21. This all depends on which fares you're being quoted. Different fares have different rules from each other, even in the same direction on the same flight. If you're prepared to post the dates and flights that you're looking at, and the prices that you're being quoted, some of us have access to information that may allow the full fare rules to be retrieved, and then see whether there are any differences in the rules and whether they're significant. But I would expect the most significant to be shown to you during the booking process anyway (refundable / non-refundable; change fee / no change fee; included baggage / no included baggage; etc). And how much effort are you prepared to put in to saving $45, how important is that $45, and how important is knowing exactly what the differences are? After all, if you're booking the cheapest fares, you already know they're going to have pretty restrictive conditions whatever their detail.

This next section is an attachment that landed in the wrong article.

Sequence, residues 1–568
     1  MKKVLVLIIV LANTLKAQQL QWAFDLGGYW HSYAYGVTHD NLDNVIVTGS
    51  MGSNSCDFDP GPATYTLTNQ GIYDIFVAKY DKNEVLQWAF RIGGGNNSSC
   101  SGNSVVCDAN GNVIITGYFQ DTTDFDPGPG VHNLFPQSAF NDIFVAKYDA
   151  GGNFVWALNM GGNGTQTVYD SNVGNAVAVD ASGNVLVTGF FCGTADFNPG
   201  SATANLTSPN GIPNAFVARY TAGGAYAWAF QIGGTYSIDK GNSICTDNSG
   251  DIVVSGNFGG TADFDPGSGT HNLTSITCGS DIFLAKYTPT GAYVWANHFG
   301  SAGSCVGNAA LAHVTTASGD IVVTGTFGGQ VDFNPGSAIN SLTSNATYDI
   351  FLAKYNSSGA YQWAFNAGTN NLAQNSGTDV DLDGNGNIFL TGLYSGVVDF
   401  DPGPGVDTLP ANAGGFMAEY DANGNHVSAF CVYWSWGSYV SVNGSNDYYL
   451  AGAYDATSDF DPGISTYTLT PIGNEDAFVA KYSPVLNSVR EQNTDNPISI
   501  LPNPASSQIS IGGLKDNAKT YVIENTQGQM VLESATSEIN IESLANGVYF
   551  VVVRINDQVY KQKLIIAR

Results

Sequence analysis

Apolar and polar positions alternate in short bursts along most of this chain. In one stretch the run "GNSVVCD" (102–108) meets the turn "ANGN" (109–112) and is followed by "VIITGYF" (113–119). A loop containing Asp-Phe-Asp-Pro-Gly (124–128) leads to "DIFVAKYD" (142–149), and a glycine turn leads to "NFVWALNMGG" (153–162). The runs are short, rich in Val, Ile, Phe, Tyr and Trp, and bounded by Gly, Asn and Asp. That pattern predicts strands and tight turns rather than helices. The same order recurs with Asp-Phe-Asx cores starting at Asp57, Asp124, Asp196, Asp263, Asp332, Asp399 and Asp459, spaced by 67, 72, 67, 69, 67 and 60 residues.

22. Yes, that's what I would do. That entrance is primarily for the Elizabeth Line, so it'll be really easy once you get inside the gate line.
  23. In theory, the fare rules could be different if you buy two one-way tickets, and this could be to your disadvantage. But that's very dependent on what you're being offered each way around (and I couldn't immediately reproduce what you describe using random dates). Also, if you have to change or cancel the trip, you could be liable for two lots of change or cancellation fees (although your fares may not be refundable at all). In addition, if the airline makes a change in one direction that entitles and causes you to cancel (perhaps to book with some other airline instead), you wouldn't automatically be entitled to cancel the one-way ticket in the other direction . But with the duration of a cruise between the two flights, that seems unlikely to pose a real problem. But the bottom line is that you could for perfectly legitimate reasons have bought two one-way tickets on different airlines to begin with, and doing the same thing but with the same airline in this situation really isn't very different.